You can find QR codes on products in the online store: point to the code with your smartphone and you’ll be directed straight to the official Little Prince Facebook page. Soon, the QR code will take you on to exclusive content and a dedicated website.
We were amazed by Stéphane Pezerat’s play, and we were not the only ones. Remember, at the end of the book (and of the play), Saint-Exupéry sends us this message: “Then, if a child comes towards you, if he laughs, if he has golden locks and if he refuses to answer questions, you will surely guess who he is. So be kind! Do not leave me grieving. Write to me quickly to tell me that he has come back…”
Pupils at the Le Parc de Saint-Symphorien school in Ozon have done just what Saint-Exupéry asked, writing to tell him about an imaginary encounter with the Little Prince!
Today we have an initial selection for you of their funny, moving letters, full of bright ideas for telling Saint-Exupéry that his Little Prince has come back. Just like in the book, the words are accompanied by drawings.
If you haven’t seen our report on the adaptation by Stéphane Pezerat, it’s never too late!
They are made with all the skill and artistry of the Monnaie de Paris, the Paris Mint, which we have often had occasion to mention on this site. Now the Monnaie de Paris proposes a medallion featuring our favourite character: the Fox. The star that appears at the top of medallion is rich in meaning, if you think back to the words of the Little Prince…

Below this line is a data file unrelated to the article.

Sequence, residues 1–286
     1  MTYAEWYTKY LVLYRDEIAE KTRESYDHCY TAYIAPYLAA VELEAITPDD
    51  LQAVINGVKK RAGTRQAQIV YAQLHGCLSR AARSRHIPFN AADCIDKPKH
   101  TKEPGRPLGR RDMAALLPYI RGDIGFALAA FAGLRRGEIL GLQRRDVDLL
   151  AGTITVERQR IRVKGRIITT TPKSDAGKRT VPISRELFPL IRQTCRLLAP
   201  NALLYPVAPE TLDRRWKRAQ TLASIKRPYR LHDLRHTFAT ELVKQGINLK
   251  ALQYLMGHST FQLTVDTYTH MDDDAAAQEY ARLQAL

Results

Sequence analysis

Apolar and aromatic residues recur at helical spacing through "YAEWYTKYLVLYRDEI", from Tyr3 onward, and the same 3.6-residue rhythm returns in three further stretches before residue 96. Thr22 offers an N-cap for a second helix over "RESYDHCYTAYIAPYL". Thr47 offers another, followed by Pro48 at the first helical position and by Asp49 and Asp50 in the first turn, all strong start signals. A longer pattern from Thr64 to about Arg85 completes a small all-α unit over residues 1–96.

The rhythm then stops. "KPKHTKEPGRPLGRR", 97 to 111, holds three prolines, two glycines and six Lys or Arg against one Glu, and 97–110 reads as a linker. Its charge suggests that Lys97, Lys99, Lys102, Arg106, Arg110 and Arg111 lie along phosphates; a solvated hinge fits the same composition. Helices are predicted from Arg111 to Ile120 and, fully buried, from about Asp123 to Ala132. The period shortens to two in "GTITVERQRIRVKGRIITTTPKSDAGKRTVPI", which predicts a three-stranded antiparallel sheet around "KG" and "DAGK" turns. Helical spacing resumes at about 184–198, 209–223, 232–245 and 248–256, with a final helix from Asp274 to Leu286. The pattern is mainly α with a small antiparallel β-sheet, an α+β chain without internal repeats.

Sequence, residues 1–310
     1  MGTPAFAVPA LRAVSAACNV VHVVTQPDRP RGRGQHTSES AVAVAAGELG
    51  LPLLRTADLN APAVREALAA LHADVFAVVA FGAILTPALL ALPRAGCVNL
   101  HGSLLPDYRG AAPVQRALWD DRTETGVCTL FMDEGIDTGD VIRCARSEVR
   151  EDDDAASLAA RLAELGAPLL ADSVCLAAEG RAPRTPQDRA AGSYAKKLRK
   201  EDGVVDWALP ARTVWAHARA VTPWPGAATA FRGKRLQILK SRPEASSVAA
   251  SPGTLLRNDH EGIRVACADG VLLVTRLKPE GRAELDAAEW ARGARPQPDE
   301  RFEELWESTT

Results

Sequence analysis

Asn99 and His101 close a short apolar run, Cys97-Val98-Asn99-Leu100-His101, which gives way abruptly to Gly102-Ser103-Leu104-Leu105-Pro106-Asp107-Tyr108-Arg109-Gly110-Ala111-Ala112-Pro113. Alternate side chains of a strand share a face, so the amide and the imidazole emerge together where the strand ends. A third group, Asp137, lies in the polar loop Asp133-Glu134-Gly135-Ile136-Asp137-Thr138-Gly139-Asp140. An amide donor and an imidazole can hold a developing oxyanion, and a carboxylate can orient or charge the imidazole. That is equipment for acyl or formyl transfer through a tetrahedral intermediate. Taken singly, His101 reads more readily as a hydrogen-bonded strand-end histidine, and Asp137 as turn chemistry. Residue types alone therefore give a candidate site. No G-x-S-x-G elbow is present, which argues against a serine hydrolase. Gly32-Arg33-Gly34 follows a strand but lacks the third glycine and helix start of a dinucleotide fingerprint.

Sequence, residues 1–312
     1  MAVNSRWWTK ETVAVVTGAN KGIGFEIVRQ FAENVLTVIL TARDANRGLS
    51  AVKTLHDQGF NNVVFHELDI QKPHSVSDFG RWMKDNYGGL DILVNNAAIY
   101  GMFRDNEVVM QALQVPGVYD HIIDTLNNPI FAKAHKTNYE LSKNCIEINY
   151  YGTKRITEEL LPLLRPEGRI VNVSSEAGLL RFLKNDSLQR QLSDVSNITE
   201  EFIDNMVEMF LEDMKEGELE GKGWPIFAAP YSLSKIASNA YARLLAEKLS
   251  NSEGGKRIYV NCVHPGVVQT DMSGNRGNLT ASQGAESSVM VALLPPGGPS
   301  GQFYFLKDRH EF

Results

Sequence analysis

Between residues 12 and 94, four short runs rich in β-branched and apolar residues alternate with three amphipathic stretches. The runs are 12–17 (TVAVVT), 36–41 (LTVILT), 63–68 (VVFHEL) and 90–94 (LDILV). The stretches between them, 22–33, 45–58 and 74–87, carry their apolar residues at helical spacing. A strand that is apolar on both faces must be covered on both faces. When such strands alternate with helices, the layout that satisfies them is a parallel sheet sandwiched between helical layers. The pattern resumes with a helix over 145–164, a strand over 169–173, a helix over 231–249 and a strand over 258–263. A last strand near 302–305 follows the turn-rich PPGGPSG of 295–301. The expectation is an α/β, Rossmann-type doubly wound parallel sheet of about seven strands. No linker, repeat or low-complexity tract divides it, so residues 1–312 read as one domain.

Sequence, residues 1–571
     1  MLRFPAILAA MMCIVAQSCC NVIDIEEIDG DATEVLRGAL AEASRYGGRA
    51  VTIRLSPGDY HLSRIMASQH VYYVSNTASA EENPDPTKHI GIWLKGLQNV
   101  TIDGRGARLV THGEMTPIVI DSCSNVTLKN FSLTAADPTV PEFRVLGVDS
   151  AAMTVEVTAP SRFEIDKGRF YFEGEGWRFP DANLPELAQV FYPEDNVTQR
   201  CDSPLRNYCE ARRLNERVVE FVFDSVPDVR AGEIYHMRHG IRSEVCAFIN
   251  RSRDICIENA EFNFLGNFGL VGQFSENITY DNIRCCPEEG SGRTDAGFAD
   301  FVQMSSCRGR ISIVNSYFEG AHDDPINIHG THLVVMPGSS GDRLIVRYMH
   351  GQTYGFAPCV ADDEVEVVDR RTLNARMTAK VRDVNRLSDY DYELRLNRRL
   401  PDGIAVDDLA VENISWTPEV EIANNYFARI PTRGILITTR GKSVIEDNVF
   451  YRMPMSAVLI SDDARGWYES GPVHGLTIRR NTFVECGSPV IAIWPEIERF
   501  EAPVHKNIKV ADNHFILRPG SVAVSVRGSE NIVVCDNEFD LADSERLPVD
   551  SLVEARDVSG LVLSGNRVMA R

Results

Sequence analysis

The medallions are made from 750/1000 (18 carat) yellow gold.
The Little Prince online store offers two models: one 14mm in diameter, the other 18mm in diameter.
Ever heard of movie rides? They are the kind of films, often in 3D, encountered in theme parks, where spectators actually experience the action they see on the screen: sensations of falling, being shaken around, high speed. The experience is often made even more vivid by added special effects (wind, smoke, etc.). One of the most spectacular movie rides has to be the Star Tour, which whisks its passengers off on a space flight in a Star Wars universe. From 1st July 2011, visitors to the Futuroscope will be able to accompany the Little Prince on a new adventure to the heart of the Planet of Music. Meet up with the Little Prince and the Fox on asteroid B612 to go in search of the missing Rose. Expect the journey to full of poetry, fun, sensations and emotions!
Until then, enjoys these three visuals of a ride unequalled anywhere else in the world.
Now that we’ve told you about the actors lending their voices to the Little Prince series, it’s time to tell you about the actors that are fans of the Little Prince. Let’s start with the triumphant star of Black Swan and the face of Dior: Natalie Portman. In an interview with La Parisienne, the actress was asked to find a likeness for Miss Dior Chérie, the fragrance she represents. If Miss Dior Chérie were a book, it would be… The Little Prince!
In an interview with l’Express Style, Nicolas Duvauchelle admitted to being an avid reader and history fan. When he’s not immersed in the biography of Du Guesclin, the actor reads a lot to his young daughter – and right now, that means The Little Prince.
In Madame Figaro, Christophe Lambert presented his novel and confided, in response to the interviewer’s question, that he dreamed of having authored The Little Prince.